In the USA, where only a few pulmonary physicians performed thoracoscopy, a heated debate ensued about whether thoracoscopy should be performed by pulmonologists or be limited to the domain of the thoracic surgeon. In the meantime, American surgeons agree that medical thoracoscopy/pleuroscopy is in the domain of pulmonologists but correctly insist that adequate training is essential . There is no doubt that a strong professional relationship between the pulmonologist and the thoracic surgeon must be maintained. In most parts of Europe, this was not a controversial issue, as many pneumologists had been performing thoracoscopy well before the introduction of VATS .
For better distinction, the term “medical thoracoscopy” was introduced in 1994 . However, since the term “thoracoscopy” is still used to describe both the medical and the surgical procedure, a certain amount of confusion has arisen and persists. This possibly has led and still leads to some unnecessary surgical interventions for what are or should in fact be medical indications. To avoid continuing confusion, it has been proposed “for the sake of clarity” to return to the old term “pleuroscopy” , already introduced in France in 1923 . However, there is no uniform opinion among respiratory physicians; some feel that the term “medical” is not appropriate, since thoracoscopy will always be an invasive procedure . But this does not solve the dilemma. The approach of the physician should be distinguished from the very different surgical approach, which would be best defined as “VATS”. However, the term “pleuroscopy” has now become quite popular with the introduction of the semi-rigid (semi-flexible, flex-rigid) pleuroscope by Olympus Corporation. Today, both terms, “medical thoracoscopy” and “pleuroscopy”, are therefore used as synonyms. Other terms used are “thoracoscopy for physicians” , “thoracoscopy for chest physicians” and “local anaesthetic thoracoscopy” .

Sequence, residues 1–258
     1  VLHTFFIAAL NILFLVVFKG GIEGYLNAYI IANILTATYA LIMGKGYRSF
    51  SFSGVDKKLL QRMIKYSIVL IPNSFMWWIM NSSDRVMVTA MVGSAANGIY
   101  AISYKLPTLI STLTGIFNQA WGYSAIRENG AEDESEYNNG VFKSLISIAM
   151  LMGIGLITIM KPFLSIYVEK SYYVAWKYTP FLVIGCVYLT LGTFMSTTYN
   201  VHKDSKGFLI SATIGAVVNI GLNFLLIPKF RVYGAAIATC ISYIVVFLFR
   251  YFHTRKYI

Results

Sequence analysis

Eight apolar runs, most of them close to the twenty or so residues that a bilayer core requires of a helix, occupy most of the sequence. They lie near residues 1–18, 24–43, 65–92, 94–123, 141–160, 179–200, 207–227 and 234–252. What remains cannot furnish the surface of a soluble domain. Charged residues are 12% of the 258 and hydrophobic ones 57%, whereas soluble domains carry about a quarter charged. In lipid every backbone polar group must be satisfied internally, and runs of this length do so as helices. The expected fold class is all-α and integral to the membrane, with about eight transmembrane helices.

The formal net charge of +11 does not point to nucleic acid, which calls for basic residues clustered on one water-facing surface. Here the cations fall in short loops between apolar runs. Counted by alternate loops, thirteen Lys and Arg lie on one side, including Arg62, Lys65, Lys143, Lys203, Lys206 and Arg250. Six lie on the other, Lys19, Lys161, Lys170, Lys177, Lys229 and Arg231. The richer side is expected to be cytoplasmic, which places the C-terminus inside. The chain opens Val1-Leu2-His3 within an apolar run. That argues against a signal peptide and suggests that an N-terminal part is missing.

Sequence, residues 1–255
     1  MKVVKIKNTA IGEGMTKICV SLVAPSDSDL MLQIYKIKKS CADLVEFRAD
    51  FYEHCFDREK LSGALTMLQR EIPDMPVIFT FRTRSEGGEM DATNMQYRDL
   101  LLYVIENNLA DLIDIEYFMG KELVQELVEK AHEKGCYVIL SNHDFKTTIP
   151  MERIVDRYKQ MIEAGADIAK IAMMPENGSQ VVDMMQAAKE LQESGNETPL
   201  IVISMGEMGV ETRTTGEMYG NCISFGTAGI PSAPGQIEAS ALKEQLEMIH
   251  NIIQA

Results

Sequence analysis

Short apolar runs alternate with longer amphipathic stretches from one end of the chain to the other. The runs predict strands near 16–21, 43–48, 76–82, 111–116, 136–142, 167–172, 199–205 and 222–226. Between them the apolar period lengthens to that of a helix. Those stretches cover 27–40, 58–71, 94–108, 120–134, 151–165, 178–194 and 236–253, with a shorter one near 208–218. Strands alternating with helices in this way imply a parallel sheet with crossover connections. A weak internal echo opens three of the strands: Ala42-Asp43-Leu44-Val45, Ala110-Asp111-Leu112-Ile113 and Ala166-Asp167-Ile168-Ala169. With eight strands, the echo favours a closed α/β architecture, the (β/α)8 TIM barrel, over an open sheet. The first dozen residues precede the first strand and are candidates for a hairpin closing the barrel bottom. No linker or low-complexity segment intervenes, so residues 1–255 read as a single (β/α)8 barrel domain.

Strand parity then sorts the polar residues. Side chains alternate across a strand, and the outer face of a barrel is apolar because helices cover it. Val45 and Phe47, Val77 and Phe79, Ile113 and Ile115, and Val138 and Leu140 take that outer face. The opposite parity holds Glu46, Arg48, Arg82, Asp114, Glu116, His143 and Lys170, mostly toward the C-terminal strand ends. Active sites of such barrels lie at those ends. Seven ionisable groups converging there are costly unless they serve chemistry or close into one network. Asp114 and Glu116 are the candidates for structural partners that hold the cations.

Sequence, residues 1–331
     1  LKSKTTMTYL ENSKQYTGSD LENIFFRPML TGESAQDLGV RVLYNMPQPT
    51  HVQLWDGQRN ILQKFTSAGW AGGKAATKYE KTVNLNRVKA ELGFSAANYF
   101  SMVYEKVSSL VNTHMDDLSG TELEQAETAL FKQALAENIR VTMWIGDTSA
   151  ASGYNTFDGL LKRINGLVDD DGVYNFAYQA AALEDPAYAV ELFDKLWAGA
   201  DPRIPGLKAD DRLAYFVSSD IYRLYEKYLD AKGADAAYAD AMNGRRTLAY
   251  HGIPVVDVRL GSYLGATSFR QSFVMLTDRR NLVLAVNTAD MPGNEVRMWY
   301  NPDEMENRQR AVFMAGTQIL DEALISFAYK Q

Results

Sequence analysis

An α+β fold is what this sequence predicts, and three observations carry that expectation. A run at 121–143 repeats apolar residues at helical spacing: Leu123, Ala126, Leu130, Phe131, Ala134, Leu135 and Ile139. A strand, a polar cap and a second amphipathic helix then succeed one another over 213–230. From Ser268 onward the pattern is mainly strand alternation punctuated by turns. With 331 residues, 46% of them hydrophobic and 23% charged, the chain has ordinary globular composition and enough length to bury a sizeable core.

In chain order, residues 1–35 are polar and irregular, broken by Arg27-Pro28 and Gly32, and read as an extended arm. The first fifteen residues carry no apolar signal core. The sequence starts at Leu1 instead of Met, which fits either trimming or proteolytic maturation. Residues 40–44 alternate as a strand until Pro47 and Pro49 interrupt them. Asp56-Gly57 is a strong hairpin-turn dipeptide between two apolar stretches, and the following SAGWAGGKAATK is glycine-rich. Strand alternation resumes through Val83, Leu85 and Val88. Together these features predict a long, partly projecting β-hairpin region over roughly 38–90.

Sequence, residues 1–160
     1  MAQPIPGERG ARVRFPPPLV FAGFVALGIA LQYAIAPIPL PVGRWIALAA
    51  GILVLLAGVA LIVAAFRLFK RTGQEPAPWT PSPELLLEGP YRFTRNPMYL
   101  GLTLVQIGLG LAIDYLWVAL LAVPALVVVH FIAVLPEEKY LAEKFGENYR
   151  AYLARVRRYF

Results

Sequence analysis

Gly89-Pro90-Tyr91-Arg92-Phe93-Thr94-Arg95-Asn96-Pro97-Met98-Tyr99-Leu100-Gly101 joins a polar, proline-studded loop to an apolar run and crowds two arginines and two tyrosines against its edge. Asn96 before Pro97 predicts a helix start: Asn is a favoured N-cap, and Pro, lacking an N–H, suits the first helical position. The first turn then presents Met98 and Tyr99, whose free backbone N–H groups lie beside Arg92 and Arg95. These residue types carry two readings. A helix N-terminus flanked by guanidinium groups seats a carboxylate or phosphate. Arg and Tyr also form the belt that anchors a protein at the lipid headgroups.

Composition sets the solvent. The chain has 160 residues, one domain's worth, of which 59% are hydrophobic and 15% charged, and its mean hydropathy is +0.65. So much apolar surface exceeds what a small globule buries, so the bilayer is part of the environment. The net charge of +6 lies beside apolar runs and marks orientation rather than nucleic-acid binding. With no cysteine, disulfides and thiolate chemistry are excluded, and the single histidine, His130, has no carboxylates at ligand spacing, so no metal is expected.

Introduction of the semi-flexible pleuroscope